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I think that I can help you.
It is very possible that your sister-in-law is suffering from Borderline Personality Disorder.
I see that you are online now.j
What triggers her?
Yes, Thank you for your response. I agree. She also is trying to minimize the amount of alcohol she consumes.
Issues of feeling abandoned, dismissed or criticized?
Yes. She has been married to my brother for 20 years, however, she has never really accepted our family, even though we try to be as loving and accepting as possible. At times she just stops communicating for no apparent reason, or she becomes very abusive verbally or really negative. It is hard to understand and be in her space.
Was she abused, adopted, or abandoned when she was younger?
She is an exercise "nut". I am really not sure, but all indications are that she was abandoned. Her grandfather murdered her mother and her mother died when she was 15 years old. She has an older brother who she had a terrible argument with 25 years ago and she has never spoken to him since the incident. She also has been very abuse to my nephew, her step son and she has made it very difficult for my brother, her husband to have a health relationship with his son until this past year.
My reason for reaching out to you for answers, is that I am just trying to understand my sister-in-law and why she acts out for no obvious reason.
Are you still there?
She has a reason. All of the above. She sounds as if she has BPD as I suspected. The exercise is a form of self-abuse, perhaps. Does she cut herself or self-injure in any way:
You might not know it if she cuts herself and you have not seen the scars, and your brother might not say.
Many people who have a history like hers develop BPD.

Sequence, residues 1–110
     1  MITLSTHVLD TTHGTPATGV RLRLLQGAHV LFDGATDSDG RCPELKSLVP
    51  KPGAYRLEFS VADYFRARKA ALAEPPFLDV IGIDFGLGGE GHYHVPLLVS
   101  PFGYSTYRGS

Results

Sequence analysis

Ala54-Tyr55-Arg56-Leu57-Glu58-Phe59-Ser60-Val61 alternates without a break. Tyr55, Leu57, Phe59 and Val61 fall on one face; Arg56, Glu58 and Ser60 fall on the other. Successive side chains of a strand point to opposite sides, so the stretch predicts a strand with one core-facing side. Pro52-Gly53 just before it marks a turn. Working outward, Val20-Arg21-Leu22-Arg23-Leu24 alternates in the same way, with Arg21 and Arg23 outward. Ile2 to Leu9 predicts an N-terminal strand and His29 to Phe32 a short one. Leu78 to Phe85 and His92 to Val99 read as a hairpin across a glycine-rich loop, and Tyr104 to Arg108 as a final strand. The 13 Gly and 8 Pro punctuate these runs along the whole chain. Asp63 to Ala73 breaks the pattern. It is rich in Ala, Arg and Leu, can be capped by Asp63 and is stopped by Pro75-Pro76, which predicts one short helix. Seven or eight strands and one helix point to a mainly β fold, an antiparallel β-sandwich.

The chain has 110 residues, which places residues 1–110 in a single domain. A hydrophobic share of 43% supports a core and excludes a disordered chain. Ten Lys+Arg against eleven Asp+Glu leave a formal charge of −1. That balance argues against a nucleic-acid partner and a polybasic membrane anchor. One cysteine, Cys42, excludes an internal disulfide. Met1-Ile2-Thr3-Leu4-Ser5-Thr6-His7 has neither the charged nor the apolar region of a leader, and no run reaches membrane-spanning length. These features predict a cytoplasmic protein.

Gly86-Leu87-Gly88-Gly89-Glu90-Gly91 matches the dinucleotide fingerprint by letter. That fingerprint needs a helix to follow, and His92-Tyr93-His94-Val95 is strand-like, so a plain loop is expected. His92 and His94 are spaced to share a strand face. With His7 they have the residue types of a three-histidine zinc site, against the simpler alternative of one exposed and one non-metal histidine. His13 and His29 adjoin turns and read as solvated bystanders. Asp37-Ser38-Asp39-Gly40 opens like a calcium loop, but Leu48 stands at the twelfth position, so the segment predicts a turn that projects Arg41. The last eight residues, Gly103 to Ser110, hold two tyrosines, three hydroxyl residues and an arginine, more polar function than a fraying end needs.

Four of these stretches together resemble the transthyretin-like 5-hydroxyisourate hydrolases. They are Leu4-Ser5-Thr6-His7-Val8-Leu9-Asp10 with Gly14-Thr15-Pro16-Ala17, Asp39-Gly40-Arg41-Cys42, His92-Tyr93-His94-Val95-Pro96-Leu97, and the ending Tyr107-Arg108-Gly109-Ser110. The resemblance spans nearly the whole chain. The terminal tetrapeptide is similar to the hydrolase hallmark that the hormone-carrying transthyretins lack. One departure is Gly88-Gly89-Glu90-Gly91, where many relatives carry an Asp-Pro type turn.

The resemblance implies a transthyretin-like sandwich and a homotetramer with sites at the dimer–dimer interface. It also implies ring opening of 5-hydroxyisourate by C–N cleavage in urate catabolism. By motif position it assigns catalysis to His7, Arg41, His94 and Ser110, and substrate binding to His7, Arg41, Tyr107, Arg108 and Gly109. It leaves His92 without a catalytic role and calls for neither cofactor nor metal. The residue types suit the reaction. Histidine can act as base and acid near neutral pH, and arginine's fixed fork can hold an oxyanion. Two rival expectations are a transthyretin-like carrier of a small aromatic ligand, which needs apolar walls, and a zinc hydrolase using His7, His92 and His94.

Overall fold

Let me show you the diagnostic criteria for this disorder from the psychiatric "bible" of diagnoses, the DSM-IV:
She is OCD and is obsessive as it relates to food, weight management and exercise. She can exercise 3 plus hours a day.
Great, I am ready
This is a form of eating disorder, which includes exercise.
BPD – DSM-IV
1. Frantic efforts to avoid real or imagined abandonment.
2. A pattern of unstable and intense interpersonal relationships characterised by alternation between extremes of idealization and devaluation.
3. Identity disturbance - markedly and persistently unstable self-image or sense of self.
4. Impulsivity in at least two areas that are potentially self-damaging, e.g. spending, sex, substance abuse, reckless driving or binge-eating.
5. Recurrent suicidal behaviour, gestures, or threats, or self-mutilating behaviour.
6. Affective instability due to a marked reactivity of mood, e.g. intense episodic dysphoria, irritability or anxiety, which usually lasts for between a few hours and several days.
7. Chronic feelings of emptiness
8. Inappropriate, intense anger, or difficulty controlling anger, e.g. frequent displays of temper, constant anger or recurrent physical fights.
9. Transient, stress-related paranoid ideation or severe dissociative symptoms.
Anyone with six or more of the above traits and symptoms may be diagnosed with Borderline Personality Disorder. However, the traits must be long-standing (pervasive), and there must be no better explanation for them, e.g. physical illness, a different mental illness or substance misuse.
She is so extreme, it is scary...She also seems to know EVERYTHING ABOUT EVERYTHING. If you challenger in any way, there is hell to pay.
Because people with BPD do not want to be challenged.
oh, my goodness, this is my sister in law.
Furthermore, BPD and eating disorders often go hand in hand.
How do you help people with this disorder?
First of all, they have to want to get help. Do you want me to continue? I will.
Yes, please continue. In the past, she has insisted that she, my brother and his two sons go for counseling.
They need therapy, particularly Dialectical Behavior Therapy.]
If she has asked for them to go to therapy, they should agree on the grounds that she goes with them.
I can recommend you a couple of books, one on the disorder, and the other about the therapy. Both are great boo9ks.
However, in the most recent session, when the Counselor told her she had an anger problem, she stormed out of the office and never went back. When my brother brought the feedback from the counselor to her attention, she got mad an punch him in the jaw. Almost caused a wreck. She called me and told me about the incident, because I think she was so scared. She seems to go into denial.
That is the disorder. It is difficult to treat. I know therapists who shy away from it.
Great, I will check out the books. She is a good person with a good heart and I really want to help her, but I do not want to make things worse.
Look at this great book.
and this DBT book:
Oh, Elliott, Thank you! This is just how I feel...like I am walking on egg shells. Marvelous, I will order it on Amazon.
Elliott, I will look you up again!
Thank you so much, Michele. May God bless you and your family.